Alstrom Syndrome is one of the Mendelian disorders discussed on the website Online Mendelian Inheritance in Man (OMIM) with the OMIM number 203800. Alstrom Syndrome (ALMS) is a rare disorder in man and is often confused with Bardet-Biedl syndrome because they have almost similar symptoms (Alstrom et al., 1959). It is caused by homozygous or compound homozygous mutation in the ALMS1 gene on chromosome 2p 13. As described by Collin et al. (2002) and Marshall et al. (2007), the key symptoms of Alstrom Syndrome include blindness, sensorineural and hearing loss. Childhood obesity could also be seen in children carriers. In addition, health problems such as pulmonary dysfunction, hepatic and urologic dysfunction, and renal failure are imminent as one grows old. Therefore, this article attempts to highlight Alstrom Syndrome in terms of causes, diagnosis, localization of gene and symptoms. In this regard, various references that have played a major role towards the discovery of Alstrom Syndrome will also be discussed herein.

Alstrom Syndrome is an autosomal recessive disease that results into multi-organ dysfunction. It is associated with metabolic diseases such as obesity and hyperinsulinemia. Symptoms such as heart failure are observed in the first few weeks after birth and they later become more severe in later stages of life: adolescence and adulthood. Blindness and obesity, also observed at infancy, are more pronounced in late adulthood. Although ALMS and Bardet-Biedl Syndrome have a lot of clinical symptoms in common, studies show that the two disorders are far much different in terms of their gene map locus. The occurrence of ALMS in the body affects several body parts, including head, neck, chest, respiratory system, abdomen, hair, skin, and nails.  ALMS is the phenotype, while ALMS1 gene mutilation is the genotype that occurs on the chromosome 2p 13. 

Causes and Diagnosis

ALMS1 gene has been found to be the causative factor of Alstrom Syndrome. It is caused by homozygous or heterozygous mutation of the ALMS1 gene on the chromosome 2p 13. Marshall et al. (2007) found out that there are 79 mutations in the ALMS1 gene making chromosome 2p 13 a hotspot for mutilation.  Due to the recessive nature of ALMS, both genes must come from both parents. In common practice, the disorder is usually detected at infancy, but there is also likelihood of its clinical observation at later stages.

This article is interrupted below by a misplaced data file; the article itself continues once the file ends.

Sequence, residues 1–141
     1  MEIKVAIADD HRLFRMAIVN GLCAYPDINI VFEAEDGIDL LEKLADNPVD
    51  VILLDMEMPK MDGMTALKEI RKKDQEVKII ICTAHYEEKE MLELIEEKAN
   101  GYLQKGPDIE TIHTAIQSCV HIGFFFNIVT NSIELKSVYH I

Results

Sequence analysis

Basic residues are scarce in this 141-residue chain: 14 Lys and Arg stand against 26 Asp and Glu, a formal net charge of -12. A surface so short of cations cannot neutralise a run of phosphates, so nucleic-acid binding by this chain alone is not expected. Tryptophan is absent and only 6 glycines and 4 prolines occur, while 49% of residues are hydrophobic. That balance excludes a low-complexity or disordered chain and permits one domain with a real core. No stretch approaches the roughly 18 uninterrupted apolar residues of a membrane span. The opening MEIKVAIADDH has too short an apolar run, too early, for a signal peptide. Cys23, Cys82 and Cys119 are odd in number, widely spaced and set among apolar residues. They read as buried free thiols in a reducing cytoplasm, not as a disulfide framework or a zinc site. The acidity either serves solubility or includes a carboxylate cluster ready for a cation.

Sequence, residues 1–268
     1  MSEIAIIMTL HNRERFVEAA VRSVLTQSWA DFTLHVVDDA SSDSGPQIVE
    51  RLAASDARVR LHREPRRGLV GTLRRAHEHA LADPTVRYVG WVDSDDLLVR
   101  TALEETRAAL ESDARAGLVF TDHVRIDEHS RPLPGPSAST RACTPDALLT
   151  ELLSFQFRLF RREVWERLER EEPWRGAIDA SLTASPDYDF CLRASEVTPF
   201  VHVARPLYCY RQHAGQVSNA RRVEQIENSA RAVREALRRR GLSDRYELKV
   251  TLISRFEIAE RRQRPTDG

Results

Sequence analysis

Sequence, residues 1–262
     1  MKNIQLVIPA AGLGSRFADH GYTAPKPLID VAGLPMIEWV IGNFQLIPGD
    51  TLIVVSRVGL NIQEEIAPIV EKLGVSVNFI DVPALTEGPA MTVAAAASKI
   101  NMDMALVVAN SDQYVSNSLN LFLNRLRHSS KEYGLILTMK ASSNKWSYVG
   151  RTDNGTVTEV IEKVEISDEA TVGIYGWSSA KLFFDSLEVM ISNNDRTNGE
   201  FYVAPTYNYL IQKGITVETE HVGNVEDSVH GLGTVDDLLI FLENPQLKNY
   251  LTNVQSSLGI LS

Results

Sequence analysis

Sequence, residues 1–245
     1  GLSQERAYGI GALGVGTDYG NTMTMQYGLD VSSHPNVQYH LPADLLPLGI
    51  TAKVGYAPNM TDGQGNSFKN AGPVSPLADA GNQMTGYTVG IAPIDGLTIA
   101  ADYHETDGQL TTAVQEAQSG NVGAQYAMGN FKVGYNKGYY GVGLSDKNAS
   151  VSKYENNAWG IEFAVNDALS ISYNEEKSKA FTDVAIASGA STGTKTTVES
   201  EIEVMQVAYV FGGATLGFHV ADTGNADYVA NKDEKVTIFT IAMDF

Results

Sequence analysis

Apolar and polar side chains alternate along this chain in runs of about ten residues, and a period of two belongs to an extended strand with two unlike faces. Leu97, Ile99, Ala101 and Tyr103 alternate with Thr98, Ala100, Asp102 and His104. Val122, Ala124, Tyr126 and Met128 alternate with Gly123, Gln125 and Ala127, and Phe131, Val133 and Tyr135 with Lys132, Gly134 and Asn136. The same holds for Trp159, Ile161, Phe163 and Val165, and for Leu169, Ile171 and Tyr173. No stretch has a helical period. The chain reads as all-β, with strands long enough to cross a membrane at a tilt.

Mapping and Inheritance

The gene map locus is an important facet in the study of ALMS. A study conducted by Collin et al. (1997) in a large French Acadian Kindred showed that the gene was localized on locus 2p 14-p 13. However, a study conducted on an Algerian family by Macari et al. (1998) refined the localization to locus 2p 13-p 12 after which Collin et al. (1999) later confirmed the gene map locus for ALMS as 2p 13. A study conducted by Alstrom et al. (1959) asserts that inheritance of ALMS occurs through “autosomal recessive inheritance,” as did Goldstein and Fialkow (1973).

Symptoms. The following are some of the symptoms associated with Alstrom Syndrome:

  • Blindness, mostly evident during infancy period
  • Obesity, observed during infancy
  • Metabolic disorders such as elevated serum triglyceride and hyperuricemia
  • Dilated cardiomyopathy ages 3 weeks to 4 months and  Cardiomyopathy at the age of 36-37 years
  • Pigmentary retinopathy
  • Chronic hepatitis
  • Deficiency of growth hormone
  • Acanthosis nigricans
  • Diabetes mellitus and diabetes insipidus
  • Presence of liver cirrhosis at the age of twenties
  • Presence of hepatic dysfunction and hypertension
  • Mitochondrial disorder
  • Oligomenorrhea
  • Hepatomegaly
  • Hyperinsulinemia
  • Hypothyroidism
  • Multinodular goiter
  • Growth hormone deficiency
  • Hyperostosis frontalis interna.
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